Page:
AUSTIN (KXAN) — Rodney Reed’s execution date is set for November, but his lawyers have filed a petition with the nation’s highest court to halt it. Reed insists he’s innocent of the 1996 murder for which he is convicted.
This latest petition asks the United States Supreme Court to review what Reed’s lawyers call “new and comprehensive evidence of innocence” that they believe proves another man strangled Stacey Stites. They also argue Reed’s constitutional rights were violated “by the use of invalid scientific evidence to convict.”
Reed’s attorneys have argued that while Reed’s DNA was linked to Stites’ case, it was because they had a secret and consensual relationship. Instead, attorneys say evidence points to Stites’ fiance at the time, Jimmy Fennell, as the one who likely killed her. Fennell, then a Georgetown Police Officer, was later sentenced to 10 years in prison for an unrelated crime.
A release from the Innocence Project, whose lawyers are representing Reed, said they are asking the U.S. Supreme Court to “correct constitutional errors created based on the discovery that (1) Fennell did not give a consistent account of where he was on the night Stites was murdered and (2) all of the State’s expert witnesses who supported the State’s theory that Reed raped and murdered Stites have withdrawn or modified those opinions.”
It continued, saying that Robert Bayardo, the State’s medical examiner expert witness, has retracted his trial testimony that connected Reed to Stites’ murder and now “believes the forensic evidence corroborates Reed’s consistent defense that he and Stites were involved in a discrete sexual relationship, and that they were together about a day before Stites’s death.”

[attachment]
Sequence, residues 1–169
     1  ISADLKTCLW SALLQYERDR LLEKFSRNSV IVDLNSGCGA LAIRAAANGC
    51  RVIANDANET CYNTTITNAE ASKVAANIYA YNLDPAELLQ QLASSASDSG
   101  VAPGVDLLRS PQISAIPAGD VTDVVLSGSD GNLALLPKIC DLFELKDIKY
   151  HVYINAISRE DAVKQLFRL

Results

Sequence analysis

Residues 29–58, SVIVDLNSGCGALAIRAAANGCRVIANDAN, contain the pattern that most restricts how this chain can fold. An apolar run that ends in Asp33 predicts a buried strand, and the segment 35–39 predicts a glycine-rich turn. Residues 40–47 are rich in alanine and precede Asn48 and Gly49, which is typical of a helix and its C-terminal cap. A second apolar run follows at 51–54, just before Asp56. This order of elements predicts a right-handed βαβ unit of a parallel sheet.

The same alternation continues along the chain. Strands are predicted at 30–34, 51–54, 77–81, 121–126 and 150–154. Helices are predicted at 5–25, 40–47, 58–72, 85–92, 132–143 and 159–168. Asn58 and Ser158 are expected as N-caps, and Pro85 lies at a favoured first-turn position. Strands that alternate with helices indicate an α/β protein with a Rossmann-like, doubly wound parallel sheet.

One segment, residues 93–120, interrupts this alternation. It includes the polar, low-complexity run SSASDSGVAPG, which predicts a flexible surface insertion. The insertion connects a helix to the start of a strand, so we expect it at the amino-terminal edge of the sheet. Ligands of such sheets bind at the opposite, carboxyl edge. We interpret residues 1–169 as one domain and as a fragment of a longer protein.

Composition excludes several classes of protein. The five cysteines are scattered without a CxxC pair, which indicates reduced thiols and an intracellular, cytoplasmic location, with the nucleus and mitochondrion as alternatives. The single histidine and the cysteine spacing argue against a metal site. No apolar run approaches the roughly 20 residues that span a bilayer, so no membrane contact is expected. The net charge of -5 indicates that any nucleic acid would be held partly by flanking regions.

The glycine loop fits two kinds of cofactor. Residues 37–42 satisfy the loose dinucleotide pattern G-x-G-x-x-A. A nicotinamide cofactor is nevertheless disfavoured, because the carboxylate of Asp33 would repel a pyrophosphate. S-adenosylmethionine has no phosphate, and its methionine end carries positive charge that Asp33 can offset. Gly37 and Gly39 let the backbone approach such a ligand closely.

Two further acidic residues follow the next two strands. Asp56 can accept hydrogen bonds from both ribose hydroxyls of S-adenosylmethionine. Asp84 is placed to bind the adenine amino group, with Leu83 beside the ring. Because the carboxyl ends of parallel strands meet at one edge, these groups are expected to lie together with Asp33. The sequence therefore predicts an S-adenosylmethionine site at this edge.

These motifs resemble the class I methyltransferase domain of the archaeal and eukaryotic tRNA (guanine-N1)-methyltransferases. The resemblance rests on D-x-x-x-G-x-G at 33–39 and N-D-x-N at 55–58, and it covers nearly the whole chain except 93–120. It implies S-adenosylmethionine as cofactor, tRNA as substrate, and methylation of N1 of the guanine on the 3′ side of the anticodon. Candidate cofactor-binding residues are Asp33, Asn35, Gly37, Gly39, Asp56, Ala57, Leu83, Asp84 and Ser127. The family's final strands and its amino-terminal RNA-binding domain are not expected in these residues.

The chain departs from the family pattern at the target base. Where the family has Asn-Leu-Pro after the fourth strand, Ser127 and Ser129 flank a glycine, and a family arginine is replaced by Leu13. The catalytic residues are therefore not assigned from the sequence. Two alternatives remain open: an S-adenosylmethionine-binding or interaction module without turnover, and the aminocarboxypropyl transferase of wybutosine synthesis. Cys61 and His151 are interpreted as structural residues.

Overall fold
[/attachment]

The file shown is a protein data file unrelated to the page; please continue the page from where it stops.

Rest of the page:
Bayardo’s record as a medical examiner has been called into question and he has recanted autopsy findings in several high-profile Texas murder cases.
Other evidence lawyers want to bring forth includes a conversation between Fennell and another police officer in which Fennell said he had been out drinking the night before Stites died. They say that contradicts what Fennell told investigators and his trial testimony about spending a quiet night at home with Stites. Later, when questioned at a 2017 hearing about the inconsistency, Fennell pleaded the Fifth, asserting his right to protect himself against self-incrimination.
“The evidence supporting Reed’s innocence is uncontradicted and undeniable, and without the Supreme Court’s intervention, I fear the State of Texas may execute an innocent man,” said Bryce Benjet, Reed’s lawyer and senior staff attorney at the Innocence Project.
At the end of July, a Bastrop judge signed the order for Reed to be executed Nov. 20, noting Reed has tried to appeal and overturn his conviction eight times in the past 20 years. Bastrop County Criminal District Attorney Bryan Goertz said July 22 “the state has petitioned the Court of Criminal Appeals to deny the most recent Reed motions because they are improper and without merit,” in response to an earlier filing to stop the execution date from being set.